Prior to today, there was no consistent requirement that Native American tribes conduct background checks on everyone living in a foster care house, yet there has been abuse and harm committed by adults living in the same foster care home as the children.

The Native American Children’s Safety Act requires background checks to be conducted on all adults living in a potential foster home before a tribal court may place a child in that home. The check will include a national criminal records check and a review of child abuse or neglect registries in any state in which the individual under review has lived in the preceding five years.

For more:



Generation Indigenous | The White House





U. S. National Mammal: The American Bison

15 Facts About Our National Mammal: The American Bison

On May 9, 2016, President Obama signed the National Bison Legacy Act into law, officially making the American bison the national mammal of the United States. This majestic animal joins the ranks of the Bald Eagle as the official symbol of our country — and much like the eagle, it’s one of the greatest conservation success stories of all time.

In prehistoric times, millions of bison roamed North America — from the forests of Alaska and the grasslands of Mexico to Nevada’s Great Basin and the eastern Appalachian Mountains. But by the late 1800s, there were only a few hundred bison left in the United States after European settlers pushed west, reducing the animal’s habitat and hunting the bison to near extinction. Had it not been for a few private individuals working with tribes, states and the Interior Department, the bison would be extinct today.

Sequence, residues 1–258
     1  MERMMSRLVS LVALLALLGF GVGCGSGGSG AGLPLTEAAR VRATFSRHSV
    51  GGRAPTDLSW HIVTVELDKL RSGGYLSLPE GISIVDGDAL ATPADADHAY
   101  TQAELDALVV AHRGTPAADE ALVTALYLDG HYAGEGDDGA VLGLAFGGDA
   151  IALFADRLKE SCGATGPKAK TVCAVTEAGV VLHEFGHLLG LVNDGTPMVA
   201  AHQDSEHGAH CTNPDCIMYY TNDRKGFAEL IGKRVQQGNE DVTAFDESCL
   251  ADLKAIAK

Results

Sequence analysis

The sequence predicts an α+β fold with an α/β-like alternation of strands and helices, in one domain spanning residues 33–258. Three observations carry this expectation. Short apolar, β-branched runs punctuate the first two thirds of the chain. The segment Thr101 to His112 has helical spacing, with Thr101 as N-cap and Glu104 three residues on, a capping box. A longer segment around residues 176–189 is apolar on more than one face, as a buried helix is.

Explore more fun facts about the American bison:

1. Bison are the largest mammal in North America

2. Since the late 19th century, Interior has been the primary national conservation steward of the bison

3. What’s the difference between bison and buffalo? While bison and buffalo are used interchangeably, in North America the scientific name is bison.

4.Yellowstone National Park is the only place in the U.S. where bison have continuously lived since prehistoric times.

5. What’s a “red dog”? It’s a baby bison.

6. The history of bison and Native Americans are intertwined. Bison have been integral to tribal culture, providing them with food, clothing, fuel, tools, shelter and spiritual value. Established in 1992, the Inter Tribal Buffalo Council works with the National Park Service to transfer bison from national park lands to tribal lands.

7. You can judge a bison’s mood by its tail.

8. Wind Cave National Park’s herd helped revive bison populations around the country.

9. Bison may be big, but they’re also fast.

10. Pass the salad, please. Bison primarily eat grasses, weeds and leafy plants — typically foraging for 9-11 hours a day.

11. From hunter to conservationist, Teddy Roosevelt helped save bison from extinction.

12. Bison can live up to 20 years old.

13. A little dirt won’t hurt. Called wallowing, bison roll in the dirt to deter biting flies and help shed fur.

14. The American bison’s ancestors can be traced to southern Asia thousands of years ago.

15. Bison are nearsighted — who knew?

For the entire article:


5/9/16 President Obama signs H.R. 2908, the “National Bison Legacy Act,” which adopts the
North American bison